3. Mark 14:3a

While he was at Bethany in the house of Simon the leper….

Simon the Leper. Truth be told, we don’t know much about Simon the Leper. He is mentioned only in Mark and Matthew (26:6-13). There is a Simon the Pharisee in Luke’s story who also hosts Jesus for dinner when a woman anoints Jesus with oil (7:36-50). Some scholars think these two Simons are the same. And Lazarus, from John’s Gospel, also lives in Bethany and played host to Jesus shortly before his crucifixion. So other scholars wonder if Lazarus was also known as Simon. But, truth be told, we don’t really know all that much about him.

Except that he was called “the leper.” We should be clear that biblical leprosy was not the same disease we name leprosy today. It was not as dire, not as deadly. But we should also be clear that there were still severe social repercussions if you were diagnosed with the skin condition called leprosy. You were considered religiously unclean. And so you were an outcast, forced to live with other lepers, forced to cry out your presence – “Outcast, unclean!” – when others approached to warn them of your presence.

This had been Simon’s existence at some point. Was it still? Was Jesus even now staying and eating with a leper? I wouldn’t put it past him. Or was Simon one of those healed by Jesus? Perhaps he had the disease for so long that even though he was now “clean” it was difficult for anyone – maybe including himself – to think of him in any other way. We don’t know.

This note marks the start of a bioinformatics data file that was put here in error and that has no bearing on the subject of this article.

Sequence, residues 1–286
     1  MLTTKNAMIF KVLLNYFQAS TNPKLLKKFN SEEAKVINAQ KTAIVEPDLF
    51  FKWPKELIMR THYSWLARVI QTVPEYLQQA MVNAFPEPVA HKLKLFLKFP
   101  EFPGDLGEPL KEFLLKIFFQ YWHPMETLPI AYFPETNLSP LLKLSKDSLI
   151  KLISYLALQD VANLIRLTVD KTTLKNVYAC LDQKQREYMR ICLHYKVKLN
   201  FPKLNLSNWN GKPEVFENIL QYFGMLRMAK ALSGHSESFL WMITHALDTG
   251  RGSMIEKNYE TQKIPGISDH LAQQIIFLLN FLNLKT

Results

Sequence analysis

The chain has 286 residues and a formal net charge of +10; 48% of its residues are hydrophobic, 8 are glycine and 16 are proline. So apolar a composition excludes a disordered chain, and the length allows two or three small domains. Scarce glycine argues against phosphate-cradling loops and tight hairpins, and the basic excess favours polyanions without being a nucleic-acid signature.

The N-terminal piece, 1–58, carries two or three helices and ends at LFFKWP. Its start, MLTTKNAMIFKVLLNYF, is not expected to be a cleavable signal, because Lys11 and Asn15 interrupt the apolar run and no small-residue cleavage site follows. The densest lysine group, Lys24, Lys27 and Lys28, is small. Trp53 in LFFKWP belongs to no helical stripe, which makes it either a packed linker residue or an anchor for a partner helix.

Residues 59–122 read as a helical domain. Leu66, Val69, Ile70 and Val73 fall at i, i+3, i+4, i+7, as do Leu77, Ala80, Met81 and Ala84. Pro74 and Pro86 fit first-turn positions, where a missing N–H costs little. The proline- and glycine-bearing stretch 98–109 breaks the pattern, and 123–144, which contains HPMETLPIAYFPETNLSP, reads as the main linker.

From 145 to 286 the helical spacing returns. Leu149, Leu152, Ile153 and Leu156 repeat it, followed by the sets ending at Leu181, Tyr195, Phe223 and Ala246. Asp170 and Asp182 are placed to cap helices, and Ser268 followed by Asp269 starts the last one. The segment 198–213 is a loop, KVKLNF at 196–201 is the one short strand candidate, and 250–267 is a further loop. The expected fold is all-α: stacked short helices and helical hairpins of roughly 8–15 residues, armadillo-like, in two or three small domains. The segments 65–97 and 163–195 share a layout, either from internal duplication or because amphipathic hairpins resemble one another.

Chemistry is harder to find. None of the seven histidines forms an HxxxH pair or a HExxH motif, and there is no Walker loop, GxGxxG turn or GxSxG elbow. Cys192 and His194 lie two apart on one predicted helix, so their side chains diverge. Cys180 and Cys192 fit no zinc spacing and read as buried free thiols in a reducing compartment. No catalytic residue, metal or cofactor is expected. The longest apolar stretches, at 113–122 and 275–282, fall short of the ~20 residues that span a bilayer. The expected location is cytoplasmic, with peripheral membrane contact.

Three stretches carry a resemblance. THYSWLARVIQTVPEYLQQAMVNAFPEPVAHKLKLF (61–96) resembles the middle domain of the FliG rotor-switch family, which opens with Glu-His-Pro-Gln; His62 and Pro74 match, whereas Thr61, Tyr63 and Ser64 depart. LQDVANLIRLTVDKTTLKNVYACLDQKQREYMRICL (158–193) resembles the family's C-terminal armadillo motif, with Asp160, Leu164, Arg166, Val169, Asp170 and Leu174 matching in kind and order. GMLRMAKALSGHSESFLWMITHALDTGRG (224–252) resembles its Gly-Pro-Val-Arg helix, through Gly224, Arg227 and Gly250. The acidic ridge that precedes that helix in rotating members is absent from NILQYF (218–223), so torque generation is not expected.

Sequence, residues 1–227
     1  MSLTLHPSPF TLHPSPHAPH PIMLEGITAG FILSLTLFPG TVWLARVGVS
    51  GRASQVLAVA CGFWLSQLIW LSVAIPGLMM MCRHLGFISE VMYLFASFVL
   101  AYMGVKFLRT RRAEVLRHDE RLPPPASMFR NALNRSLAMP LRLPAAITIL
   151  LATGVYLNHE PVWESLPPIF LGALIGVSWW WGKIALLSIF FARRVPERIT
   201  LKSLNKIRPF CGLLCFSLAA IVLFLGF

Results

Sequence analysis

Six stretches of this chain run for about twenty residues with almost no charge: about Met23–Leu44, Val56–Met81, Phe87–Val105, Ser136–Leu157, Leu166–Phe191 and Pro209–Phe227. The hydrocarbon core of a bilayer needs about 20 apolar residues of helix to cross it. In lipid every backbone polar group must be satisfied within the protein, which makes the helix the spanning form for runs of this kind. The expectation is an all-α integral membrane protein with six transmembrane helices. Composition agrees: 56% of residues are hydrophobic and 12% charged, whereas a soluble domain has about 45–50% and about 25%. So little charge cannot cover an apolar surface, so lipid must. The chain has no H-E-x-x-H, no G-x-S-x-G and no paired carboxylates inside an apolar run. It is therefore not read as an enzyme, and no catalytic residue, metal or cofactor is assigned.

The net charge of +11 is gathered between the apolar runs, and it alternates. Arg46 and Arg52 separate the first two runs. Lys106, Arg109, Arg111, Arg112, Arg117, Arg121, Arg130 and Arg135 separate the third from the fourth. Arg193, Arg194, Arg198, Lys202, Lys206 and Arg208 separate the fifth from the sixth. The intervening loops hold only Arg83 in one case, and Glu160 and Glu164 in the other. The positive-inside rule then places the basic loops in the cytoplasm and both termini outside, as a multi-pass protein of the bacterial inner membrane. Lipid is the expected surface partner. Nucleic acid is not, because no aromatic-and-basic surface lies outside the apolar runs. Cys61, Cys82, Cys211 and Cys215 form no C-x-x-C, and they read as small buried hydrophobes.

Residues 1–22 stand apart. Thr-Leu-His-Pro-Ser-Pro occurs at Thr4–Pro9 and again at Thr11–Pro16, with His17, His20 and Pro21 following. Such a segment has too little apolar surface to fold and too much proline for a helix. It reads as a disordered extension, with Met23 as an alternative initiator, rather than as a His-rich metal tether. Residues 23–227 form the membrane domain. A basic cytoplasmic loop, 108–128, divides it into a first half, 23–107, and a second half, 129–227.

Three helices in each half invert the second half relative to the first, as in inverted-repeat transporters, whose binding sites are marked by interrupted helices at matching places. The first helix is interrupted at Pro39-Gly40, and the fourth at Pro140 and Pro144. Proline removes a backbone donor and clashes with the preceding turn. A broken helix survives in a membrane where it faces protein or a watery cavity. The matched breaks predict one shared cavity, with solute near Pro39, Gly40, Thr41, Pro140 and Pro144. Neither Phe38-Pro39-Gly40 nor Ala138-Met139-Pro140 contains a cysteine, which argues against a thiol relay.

You see, we really don’t know much about Simon the Leper. Except one thing: whoever he was, whatever his story, Jesus was there with him, accepting his hospitality, blessing him with his presence. Jesus was there, staying with Simon, the one they called “the Leper.” And perhaps that’s enough for us to know.

Dear God, help us to hear and trust that no matter what our past, no matter what names other may call us (or we may call ourselves), yet you consider us worthy and beloved and are eager to stay with us. In Jesus’ name, Amen.


Post image from the The Brick Testament (which illustrates many scenes from the Bible, all with Legos, and often fairly irreverent).